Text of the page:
Netherlands-Russia road show

10 September 2013
In this article, originally published in the September issue of Novum World of Graphic Design Magazine, we explore the unique the Moscow Design Museum.
Bettina Schulz

In this article, originally published in the September issue of Novum World of Graphic Design Magazine, we explore the unique the Moscow Design Museum.

The Moscow Design Museum is in many respects unique: for one thing, it’s Russia’s first and so far only design museum; and for another, it is a fully mobile travelling exhibition… i.e. a bus!

Reassignment of a standard bus to museum duties is not exactly usual practice anywhere, nor is it a Russian thing in particular – but who’s to say that this will not become a viable model for the future exhibition scene? At any rate, a handful of creatives in Moscow undertook the experiment and have made a success of it – though not without input from the Netherlands design agency Lava, which handled the corporate design side of things and also, as a founding partner, aims to influence the museum’s programme. How did this Dutch-Russian collaboration come about in the first place? Sometimes it only takes a chat between two people to start a ball rolling, and it was Alexandra Sankova – she had long cherished her vision of a design museum – who put the idea of a collaborative venture to Hans Wolbers, founder of Lava, when he was in Moscow to give a lecture. She had two reasons for preferring to go abroad for a creative partner: she wanted the museum to have international orientation, and also to avoid bringing such a prestigious project into the crossfire of rivalry between Russian design agencies.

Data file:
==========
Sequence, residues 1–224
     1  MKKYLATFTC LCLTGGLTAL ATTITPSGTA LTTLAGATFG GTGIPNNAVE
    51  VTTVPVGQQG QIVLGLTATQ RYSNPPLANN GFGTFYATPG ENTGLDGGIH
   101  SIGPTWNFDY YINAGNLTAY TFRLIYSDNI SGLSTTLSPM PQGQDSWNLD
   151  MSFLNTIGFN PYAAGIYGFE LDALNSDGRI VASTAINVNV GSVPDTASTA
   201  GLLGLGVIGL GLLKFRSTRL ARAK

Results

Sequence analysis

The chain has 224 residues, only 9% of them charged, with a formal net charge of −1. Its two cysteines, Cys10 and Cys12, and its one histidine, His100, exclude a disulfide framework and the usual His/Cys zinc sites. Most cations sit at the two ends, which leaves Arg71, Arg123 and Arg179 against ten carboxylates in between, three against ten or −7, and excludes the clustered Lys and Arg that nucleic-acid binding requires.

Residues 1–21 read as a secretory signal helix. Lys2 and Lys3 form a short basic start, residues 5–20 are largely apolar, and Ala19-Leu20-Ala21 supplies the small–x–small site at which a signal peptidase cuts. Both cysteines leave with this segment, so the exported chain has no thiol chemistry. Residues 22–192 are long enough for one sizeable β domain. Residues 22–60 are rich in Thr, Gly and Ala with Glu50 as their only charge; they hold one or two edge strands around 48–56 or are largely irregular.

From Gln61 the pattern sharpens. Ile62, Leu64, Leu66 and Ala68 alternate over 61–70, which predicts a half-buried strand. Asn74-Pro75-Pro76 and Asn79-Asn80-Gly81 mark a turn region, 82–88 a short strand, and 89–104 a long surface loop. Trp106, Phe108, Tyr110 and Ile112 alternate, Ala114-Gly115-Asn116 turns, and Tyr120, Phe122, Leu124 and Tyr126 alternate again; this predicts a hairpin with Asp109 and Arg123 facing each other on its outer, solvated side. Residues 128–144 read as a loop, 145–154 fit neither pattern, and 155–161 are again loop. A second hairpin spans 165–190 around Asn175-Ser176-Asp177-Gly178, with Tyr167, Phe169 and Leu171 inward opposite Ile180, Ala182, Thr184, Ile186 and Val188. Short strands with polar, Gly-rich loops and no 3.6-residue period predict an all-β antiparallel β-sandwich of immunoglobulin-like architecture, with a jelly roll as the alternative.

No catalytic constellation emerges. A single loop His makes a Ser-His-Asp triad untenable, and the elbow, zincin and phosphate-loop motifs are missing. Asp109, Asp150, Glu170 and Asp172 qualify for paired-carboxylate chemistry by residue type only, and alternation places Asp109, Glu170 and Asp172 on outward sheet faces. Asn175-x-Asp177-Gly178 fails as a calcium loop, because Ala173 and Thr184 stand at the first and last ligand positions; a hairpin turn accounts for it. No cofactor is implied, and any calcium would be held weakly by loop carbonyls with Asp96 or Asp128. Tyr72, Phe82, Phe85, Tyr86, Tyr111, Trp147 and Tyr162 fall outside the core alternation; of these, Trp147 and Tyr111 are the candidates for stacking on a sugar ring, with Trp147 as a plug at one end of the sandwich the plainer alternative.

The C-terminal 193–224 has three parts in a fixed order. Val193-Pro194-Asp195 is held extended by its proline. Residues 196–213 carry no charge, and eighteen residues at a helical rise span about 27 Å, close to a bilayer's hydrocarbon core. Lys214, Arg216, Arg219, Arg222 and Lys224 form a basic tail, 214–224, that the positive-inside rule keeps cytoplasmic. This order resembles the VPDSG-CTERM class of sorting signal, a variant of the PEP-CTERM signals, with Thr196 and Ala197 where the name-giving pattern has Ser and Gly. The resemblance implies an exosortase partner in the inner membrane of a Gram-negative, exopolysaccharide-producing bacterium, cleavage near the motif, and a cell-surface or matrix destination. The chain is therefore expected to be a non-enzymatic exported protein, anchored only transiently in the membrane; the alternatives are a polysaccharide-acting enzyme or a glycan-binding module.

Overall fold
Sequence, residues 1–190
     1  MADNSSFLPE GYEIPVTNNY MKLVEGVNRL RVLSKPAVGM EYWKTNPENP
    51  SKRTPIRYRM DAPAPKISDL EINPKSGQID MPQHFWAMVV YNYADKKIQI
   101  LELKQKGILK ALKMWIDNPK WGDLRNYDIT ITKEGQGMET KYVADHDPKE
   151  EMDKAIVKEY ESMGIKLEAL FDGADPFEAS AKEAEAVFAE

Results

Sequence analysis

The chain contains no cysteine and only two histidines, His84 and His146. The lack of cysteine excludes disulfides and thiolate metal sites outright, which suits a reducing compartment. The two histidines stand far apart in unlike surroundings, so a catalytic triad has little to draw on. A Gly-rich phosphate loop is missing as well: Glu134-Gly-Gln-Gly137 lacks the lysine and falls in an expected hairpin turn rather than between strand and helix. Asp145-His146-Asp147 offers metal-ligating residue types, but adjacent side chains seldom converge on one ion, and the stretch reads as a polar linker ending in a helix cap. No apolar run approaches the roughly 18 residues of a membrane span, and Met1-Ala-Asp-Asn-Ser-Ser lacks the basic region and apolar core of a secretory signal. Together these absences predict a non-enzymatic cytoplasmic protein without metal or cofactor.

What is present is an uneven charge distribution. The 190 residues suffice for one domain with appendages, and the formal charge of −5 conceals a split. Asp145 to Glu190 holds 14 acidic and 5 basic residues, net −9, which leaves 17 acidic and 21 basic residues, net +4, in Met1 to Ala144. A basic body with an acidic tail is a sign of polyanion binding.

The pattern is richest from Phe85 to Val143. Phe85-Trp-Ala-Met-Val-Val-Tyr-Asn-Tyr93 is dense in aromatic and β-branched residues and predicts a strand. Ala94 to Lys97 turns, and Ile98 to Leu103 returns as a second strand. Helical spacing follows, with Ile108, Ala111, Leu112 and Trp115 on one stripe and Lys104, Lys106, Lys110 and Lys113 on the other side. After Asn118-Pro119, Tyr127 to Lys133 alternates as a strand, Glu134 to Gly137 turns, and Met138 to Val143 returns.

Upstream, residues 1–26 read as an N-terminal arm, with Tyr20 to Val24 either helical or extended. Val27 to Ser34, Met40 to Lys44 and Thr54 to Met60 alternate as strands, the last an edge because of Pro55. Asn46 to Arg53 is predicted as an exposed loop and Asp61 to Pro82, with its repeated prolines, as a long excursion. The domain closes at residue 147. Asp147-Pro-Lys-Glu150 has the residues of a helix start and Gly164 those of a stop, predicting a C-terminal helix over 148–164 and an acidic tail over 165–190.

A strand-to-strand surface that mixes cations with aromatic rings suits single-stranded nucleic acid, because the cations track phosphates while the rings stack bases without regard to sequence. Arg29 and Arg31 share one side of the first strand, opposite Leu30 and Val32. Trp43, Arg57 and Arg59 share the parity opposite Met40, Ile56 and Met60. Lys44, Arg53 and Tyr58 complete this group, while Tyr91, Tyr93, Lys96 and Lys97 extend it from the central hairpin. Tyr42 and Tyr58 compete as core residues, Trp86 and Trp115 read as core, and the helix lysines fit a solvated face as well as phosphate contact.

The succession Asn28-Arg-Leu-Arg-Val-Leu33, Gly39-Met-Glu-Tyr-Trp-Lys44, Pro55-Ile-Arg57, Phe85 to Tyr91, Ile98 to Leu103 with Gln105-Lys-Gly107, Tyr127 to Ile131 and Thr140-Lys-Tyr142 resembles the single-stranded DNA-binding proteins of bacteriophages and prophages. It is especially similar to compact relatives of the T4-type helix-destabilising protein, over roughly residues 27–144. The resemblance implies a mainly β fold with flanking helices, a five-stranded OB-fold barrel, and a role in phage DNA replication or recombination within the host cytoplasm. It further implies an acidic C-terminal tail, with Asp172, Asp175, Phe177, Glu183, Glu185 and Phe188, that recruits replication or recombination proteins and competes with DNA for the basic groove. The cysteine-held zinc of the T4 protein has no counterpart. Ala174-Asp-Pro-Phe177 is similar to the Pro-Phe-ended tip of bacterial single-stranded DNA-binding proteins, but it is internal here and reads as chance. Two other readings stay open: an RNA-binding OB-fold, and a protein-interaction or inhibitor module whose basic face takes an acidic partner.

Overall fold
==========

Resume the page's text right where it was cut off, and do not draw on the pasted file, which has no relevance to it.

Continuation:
Initial back-of-envelope discussions soon blossomed into a productive partnership, with Lava happy to undertake the design of a clear visual identity with high recognition value. Early on, the creatives liked the idea of a design inspired by Russian Constructivism. "It was just that we thought of it as typically Russian," Lava remembers. "And what response did this idea get? Too heavy, too big! It soon became clear that our partners wanted to correct the clichéd notions about Russian design – it was time to shake off that ‘great lumbering dinosaur’ image once and for all." The look had to be more modern, international, accessible. And so Lava eventually anchored the museum’s visual identity in an equally old but also highly distinctive element of Russian design heritage: the way forward proved to lie in the typical patterning of Russian cut glass. "These geometrical figures provided the basic scheme for the dynamic visual identity. These, when transposed to a grid, or details selected from them, proved ideally flexible for application to the communication media, the exhibition designs and the designs for the bus itself and the catalogues. A further point was that every Russian household has an item or two of this crystalware at home, and we wanted that to be echoed in the museum – it’s open to everyone." Adding a gentle, rounded font for the texts, and keeping everything in black and white, the Dutch creatives have succeeded not simply in getting a creative bus rolling, but also in producing a visual identity good for many miles on the road ahead.

Reprinted with permission from NOVUM – World of Graphic Design, ©2013
All rights reserved. This first appeared in NOVUM – World of Graphic Design 09/13. NOVUM World of Graphic Design

About the author


Bettina Schulz (born 1974 in Munich) has been editor-in-chief of the international journal novum World of Graphic Design ( since 2001. She joined the editorial staff of the magazine in 1994. Mrs Schulz also works as a freelance writer and editor for national and international magazines and for a range of clients in different sectors. Furthermore she is a co-founder of the Creative Paper Conference in Munich.